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Microsoft Cuts 8 People From Witness List

April 30, 2002|From Bloomberg News

WASHINGTON — Microsoft Corp., citing "shortcomings" in nine states' proposals for tough antitrust remedies, Monday dropped eight people from its roster of defense witnesses it planned to call.

Four Microsoft executives, including Senior Vice President Richard Fade, and representatives from four other companies, will not be called to testify against the states' proposals, Microsoft spokesman Jim Desler said. Chief Executive Steve Ballmer and Group Vice President Jim Allchin are still on the company's list of eight potential witnesses.

Microsoft's decision to trim its witness list came as hearings on the states' proposals entered their seventh week before U.S. District Judge Colleen Kollar-Kotelly in Washington.

The company raised the possibility that the hearings might end next week.

The company cut the witness list "after reviewing the progress made so far" and "what we believe are shortcomings in the states' case," Desler said.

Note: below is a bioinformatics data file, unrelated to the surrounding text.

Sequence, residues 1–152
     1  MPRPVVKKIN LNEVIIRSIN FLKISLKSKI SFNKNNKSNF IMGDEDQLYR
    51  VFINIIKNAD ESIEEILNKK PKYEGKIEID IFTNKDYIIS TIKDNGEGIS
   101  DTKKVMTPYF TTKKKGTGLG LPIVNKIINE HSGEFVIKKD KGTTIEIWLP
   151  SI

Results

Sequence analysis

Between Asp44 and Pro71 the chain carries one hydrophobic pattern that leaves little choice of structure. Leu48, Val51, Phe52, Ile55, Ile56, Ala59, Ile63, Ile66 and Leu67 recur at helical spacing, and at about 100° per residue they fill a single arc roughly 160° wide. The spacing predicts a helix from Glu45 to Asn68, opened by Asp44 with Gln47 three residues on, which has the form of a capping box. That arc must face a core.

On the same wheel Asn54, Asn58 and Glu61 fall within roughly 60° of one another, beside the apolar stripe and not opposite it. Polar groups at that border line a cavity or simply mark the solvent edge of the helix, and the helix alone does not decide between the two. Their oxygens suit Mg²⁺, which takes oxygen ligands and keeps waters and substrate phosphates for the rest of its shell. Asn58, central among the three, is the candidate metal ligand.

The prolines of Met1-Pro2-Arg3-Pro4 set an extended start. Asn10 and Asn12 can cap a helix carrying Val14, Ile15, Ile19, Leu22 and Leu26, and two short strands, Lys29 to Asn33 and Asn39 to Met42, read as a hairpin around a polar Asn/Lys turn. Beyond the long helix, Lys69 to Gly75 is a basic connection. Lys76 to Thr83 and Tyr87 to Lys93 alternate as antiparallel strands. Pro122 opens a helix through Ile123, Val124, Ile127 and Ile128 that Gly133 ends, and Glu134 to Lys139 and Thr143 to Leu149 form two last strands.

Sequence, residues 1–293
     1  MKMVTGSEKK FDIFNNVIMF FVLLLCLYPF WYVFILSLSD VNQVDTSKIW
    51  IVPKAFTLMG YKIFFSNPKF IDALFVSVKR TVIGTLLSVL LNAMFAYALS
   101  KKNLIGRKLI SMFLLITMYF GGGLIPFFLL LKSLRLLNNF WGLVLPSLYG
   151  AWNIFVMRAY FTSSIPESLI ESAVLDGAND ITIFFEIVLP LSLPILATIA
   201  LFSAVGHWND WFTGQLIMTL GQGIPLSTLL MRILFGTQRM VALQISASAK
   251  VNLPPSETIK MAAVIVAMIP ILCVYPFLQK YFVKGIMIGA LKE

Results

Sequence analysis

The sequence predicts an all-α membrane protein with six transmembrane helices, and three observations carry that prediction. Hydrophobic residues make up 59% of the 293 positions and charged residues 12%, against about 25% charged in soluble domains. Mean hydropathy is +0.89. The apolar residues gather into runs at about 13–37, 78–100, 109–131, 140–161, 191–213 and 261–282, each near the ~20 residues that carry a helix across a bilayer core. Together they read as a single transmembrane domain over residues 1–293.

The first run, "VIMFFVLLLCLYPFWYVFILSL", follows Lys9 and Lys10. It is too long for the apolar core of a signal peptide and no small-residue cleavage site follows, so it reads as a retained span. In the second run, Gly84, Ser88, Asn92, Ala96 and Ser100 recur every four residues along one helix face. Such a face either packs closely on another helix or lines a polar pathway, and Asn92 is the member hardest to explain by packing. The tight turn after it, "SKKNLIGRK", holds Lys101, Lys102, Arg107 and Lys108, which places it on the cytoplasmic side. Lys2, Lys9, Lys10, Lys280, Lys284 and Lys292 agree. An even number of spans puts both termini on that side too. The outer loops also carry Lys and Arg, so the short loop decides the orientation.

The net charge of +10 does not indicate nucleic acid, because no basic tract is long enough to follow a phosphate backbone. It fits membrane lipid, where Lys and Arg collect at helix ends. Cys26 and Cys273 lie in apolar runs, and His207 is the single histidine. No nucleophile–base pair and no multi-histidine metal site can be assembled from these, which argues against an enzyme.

The states, led by California and Iowa, also are challenging a proposed settlement of the 4-year-old antitrust case between the Bush administration and the world's largest software maker.

Fade, one of those dropped from the list, acknowledged in questioning before the hearings' start that Microsoft would benefit from the settlement by gaining the ability to force computer makers to surrender patent rights.

Representatives of Best Buy Inc., Charter Communications Inc., August Capital and Avanade Inc. will not be called to testify, Desler said.

Earlier Monday, a Qwest Communications International Inc. executive, Gregg Sutherland, called by Microsoft to rebut testimony supporting the states' remedies, acknowledged that he didn't know about the software giant's business plans.

Shares of Redmond, Wash.-based Microsoft rose 74 cents to $52.24 on Nasdaq.

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